Influence of Probiotic Lactobacillus acidophilus and L. helveticus on Proteolysis, Organic Acid Profiles, and ACE-Inhibitory Activity of cheddar Cheeses Ripened at 4, 8, and 12 °C
The influence of adjunct bacteria on composition of cheeses, organic acid profiles, proteolysis, and ACE-inhibitory activity during ripening at 4, 8, and 12 °C for 24 wk was investigated. cheddar cheeses were made with starter lactococci (control), Lactobacillus acidophilus L10, and starter lactococci (L10), and L. acidophilus L10, L. helveticus H100, and starter lactococci (H100). The counts of L. acidophilus in L10 cheeses remained at >106 colony forming units (CFU)/g after 24 wk of ripening at 4, 8, and 12 °C. Concentrations of lactic, acetic, and propionic acids of the L10 and H100 cheeses were significantly higher than those of the control cheeses after 24 wk of ripening (P < 0.05). Proteolysis of the cheeses was improved as the ripening temperature increased. Water-soluble nitrogen, trichloroacetic acid soluble nitrogen, and phosphotungstic acid soluble nitrogen of L10 and H100 cheeses were significantly higher than those of the control cheeses (P < 0.05). Increase in ripening temperature from 4 °C to 8 and 12 °C increased the percentage of ACE inhibition. The IC50 value among cheeses ripened at 4, 8, and 12 °C, however, was not significantly different (P > 0.05). Hence, probiotic L. acidophilus L10 can be added into cheddar cheeses to improve proteolysis and ACE-inhibitory activity.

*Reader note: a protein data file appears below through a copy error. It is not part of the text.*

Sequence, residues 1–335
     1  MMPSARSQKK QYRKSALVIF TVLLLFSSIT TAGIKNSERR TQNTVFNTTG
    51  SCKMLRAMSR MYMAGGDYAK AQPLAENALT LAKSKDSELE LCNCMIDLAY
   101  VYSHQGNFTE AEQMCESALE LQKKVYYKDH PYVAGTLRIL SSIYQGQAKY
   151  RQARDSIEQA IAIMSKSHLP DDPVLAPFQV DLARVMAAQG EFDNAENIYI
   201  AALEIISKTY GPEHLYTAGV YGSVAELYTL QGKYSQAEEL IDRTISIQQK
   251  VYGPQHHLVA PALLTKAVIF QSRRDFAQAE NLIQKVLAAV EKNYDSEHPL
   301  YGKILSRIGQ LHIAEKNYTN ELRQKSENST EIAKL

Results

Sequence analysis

Document Type: Research Article
Affiliations: Authors are with School of Molecular Sciences, Victoria Univ., Werribee Campus, P.O. Box 14428, Melbourne, Victoria 8001, Australia. Direct inquiries to author Shah ( )., Email: [email protected]
Publication date: April 1, 2008